KidsGardening Gardening Activity - Homemade Botanical Paper
Overview: Make your own cards, bookmarks, or ornaments using homemade paper. You can add accents from your garden like dried flowers and leaves, or to make it truly magical, add seeds so that your paper can be planted in the garden.
- scrap paper
- 1 or 2 wooden frames (build your own or use old picture frames that are 5"x7", 8"x10", or 9"x12")
- window screening for 1 frame (a bit larger than the frame)
- staples (for tacking screen to frame)
- rubber or plastic tub (large enough to immerse frame)
- blender (for making pulp)
- felt or wool fabric (a bit larger than your frame)
- optional: bits of fresh or dried flowers, aromatic herbs, seeds, even dryer lint (which helps make stronger paper); rolling pin
Approximate Time to Complete: preparation: at least 2 hours to overnight; activity: 1 to 2 hours
Ages: all ages
Season: all seasons
- Make a heap of paper scraps. See list below for suggestions. Keep in mind how you hope to use the final product when selecting your source. If you want to be able to write on the paper, use more light colored papers than bright or dark colors.
- Newspaper - Doesn't make great homemade paper and the ink can turn your product gray. But if that's your main source of scraps, try it out and compare the end product with paper made from other sources.
- Envelopes - A good choice. High quality envelopes have long fibers that help strengthen homemade paper.
- Junk Mail - A good—and abundant—choice that comes in a variety of paper qualities and colors.
- Colored paper - Can add spark to your creation. Some dyes are very strong and can impart bright hues, but can add soft tints if used in small quantities. Mixing too many colors could make your paper look muddy. Consider using tiny pieces of colored paper to add interesting flecks to your product.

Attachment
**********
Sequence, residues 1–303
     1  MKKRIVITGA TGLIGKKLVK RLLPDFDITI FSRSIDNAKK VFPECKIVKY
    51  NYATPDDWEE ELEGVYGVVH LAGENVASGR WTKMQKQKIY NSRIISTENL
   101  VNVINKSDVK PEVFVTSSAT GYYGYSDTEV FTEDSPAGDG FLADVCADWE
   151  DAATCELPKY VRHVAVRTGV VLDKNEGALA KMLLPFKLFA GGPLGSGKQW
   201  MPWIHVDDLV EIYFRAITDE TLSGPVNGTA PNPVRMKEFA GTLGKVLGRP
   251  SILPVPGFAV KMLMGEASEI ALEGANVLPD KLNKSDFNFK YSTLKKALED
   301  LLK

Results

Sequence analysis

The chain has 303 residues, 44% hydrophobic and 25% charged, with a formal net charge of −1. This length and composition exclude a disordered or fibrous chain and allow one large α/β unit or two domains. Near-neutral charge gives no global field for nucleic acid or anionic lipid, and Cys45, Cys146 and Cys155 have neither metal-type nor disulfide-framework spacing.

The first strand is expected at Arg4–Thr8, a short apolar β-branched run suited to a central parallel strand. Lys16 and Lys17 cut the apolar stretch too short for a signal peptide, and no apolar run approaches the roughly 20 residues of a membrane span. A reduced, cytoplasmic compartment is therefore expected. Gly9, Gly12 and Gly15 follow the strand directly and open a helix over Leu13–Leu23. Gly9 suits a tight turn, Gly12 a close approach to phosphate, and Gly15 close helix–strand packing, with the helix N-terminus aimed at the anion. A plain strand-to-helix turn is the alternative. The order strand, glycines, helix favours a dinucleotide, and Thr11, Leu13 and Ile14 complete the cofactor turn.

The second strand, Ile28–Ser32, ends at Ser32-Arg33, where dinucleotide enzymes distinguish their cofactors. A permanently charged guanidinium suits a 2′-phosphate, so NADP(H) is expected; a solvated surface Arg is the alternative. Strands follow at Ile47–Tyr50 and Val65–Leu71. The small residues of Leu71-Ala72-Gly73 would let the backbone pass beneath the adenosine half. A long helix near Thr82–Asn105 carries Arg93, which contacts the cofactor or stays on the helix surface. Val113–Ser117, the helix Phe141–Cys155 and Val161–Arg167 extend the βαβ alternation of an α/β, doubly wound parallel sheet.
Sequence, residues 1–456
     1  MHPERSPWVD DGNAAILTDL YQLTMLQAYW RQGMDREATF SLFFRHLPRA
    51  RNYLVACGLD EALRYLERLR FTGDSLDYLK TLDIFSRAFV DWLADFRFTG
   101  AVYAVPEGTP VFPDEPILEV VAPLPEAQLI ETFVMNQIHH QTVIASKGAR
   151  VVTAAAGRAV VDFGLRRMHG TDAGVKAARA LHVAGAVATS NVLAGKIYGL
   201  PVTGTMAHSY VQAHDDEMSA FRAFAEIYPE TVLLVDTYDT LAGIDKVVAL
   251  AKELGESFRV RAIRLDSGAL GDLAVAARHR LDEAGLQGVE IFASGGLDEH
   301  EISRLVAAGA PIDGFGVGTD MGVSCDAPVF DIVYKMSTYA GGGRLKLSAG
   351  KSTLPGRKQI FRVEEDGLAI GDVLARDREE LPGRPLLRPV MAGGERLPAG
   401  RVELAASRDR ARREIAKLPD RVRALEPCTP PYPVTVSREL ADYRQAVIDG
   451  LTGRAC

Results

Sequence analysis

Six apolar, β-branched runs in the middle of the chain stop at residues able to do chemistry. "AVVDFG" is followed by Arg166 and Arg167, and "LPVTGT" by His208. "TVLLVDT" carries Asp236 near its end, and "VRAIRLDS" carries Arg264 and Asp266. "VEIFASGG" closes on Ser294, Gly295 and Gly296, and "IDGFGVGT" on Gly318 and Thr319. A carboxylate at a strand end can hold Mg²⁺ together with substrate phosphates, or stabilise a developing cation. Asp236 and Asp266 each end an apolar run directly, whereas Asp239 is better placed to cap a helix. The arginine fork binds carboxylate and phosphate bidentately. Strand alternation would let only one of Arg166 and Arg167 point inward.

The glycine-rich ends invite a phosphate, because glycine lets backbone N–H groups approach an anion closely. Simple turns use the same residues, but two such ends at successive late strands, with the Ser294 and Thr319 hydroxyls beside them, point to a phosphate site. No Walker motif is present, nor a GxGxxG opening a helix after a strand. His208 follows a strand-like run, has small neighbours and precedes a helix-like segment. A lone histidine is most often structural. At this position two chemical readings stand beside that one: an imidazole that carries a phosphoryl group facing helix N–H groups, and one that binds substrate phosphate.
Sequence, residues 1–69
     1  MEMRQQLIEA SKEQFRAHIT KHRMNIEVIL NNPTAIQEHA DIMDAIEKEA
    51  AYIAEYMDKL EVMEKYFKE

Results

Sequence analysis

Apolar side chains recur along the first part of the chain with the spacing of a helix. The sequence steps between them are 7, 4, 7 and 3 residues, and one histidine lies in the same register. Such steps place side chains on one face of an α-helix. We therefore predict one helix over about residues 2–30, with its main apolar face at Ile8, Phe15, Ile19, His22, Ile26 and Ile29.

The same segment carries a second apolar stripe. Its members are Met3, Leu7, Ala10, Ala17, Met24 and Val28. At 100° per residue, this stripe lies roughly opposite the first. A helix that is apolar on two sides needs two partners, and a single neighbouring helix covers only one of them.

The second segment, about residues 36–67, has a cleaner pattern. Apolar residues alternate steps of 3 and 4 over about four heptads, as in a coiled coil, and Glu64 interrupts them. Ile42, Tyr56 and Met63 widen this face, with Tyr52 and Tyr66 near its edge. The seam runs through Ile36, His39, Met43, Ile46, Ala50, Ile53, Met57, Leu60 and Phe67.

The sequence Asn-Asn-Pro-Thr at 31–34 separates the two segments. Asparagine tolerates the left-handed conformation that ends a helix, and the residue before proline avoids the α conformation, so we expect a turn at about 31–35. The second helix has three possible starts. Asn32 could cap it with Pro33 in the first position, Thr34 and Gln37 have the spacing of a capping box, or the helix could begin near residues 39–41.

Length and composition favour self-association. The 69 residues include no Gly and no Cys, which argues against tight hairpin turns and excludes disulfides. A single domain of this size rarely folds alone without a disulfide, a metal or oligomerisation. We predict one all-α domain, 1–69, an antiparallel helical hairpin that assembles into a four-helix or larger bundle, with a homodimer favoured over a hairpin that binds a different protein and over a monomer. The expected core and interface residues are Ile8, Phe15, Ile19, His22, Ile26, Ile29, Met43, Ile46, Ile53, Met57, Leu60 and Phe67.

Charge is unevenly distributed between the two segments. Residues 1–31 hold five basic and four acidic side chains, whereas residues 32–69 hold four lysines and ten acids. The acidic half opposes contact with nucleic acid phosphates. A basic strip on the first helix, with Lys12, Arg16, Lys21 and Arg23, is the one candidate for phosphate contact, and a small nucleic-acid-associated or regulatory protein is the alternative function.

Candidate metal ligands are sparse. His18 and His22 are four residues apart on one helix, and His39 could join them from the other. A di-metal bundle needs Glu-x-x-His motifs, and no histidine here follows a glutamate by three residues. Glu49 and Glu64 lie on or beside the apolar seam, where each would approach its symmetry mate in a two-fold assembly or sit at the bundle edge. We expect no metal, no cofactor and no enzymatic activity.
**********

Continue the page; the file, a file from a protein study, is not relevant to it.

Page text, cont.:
- Copy paper - A good choice. Look for it in office recycling bins, flyers, and junk mail.
- Magazines - Most papermakers limit their use of glossy paper because the inks make the pulp gummy. Students may want to use some and compare their product with paper made from other sources. Small amounts can add interesting flecks.
- Uncoated gift wrap - Makes a great base for homemade paper.
- Next, let 'em rip. Have youth tear the paper into pieces about one inch square. Consider separating different types and colors of paper at this stage so you can have more control when it's time to blend them.
- Soak it. Put the torn paper in a tub or bucket of warm water and let it soak for at least two hours; overnight is better. This begins to break down the fibers so the mixture is easier to mash in your blender.
- Blend it. Add soaked paper and water to your blender in a ratio of one cup of paper to two or three cups of water. It's good to start with your base color (usually light) and add other colors bit by bit, so you can see the emerging hue. Blend the mixture on medium high until it has the consistency of thin oatmeal.
- If you want to use your paper to write or paint on, you can blend in a tablespoon or so of white glue, corn starch, or gelatin (dissolved in hot water), or 2 teaspoons of liquid starch. These additives, called "sizing," will make the paper less porous to ink and paint.
- Perk it up with other additions. At this point, youth might want to add food coloring, glitter, herbs, or bits of colored paper or dried wildflowers and blend them for just 10 seconds, or simply mix them in by hand. (You can also wait and add accents in Step 11 to the top of your sheets once they've been made.) Papermakers sometimes add dryer lint to the pulp at this stage. The cloth fibers add texture and strength to the final product.
- Make a mold. A mold, in papermaking parlance, is simply a screen-covered frame. A homemade frame or old picture frame works great. Cut your window screen an inch or two larger than the frame in all directions, hold it taut, and staple it to the back side of the frame. If you want your paper to have straight edges and be a specific size, you can use a second frame (with no screening) called a "deckle." (This rests on the mold and defines the shape of the finished paper.) If you'd rather have interesting, uneven edges, don't bother with the second frame.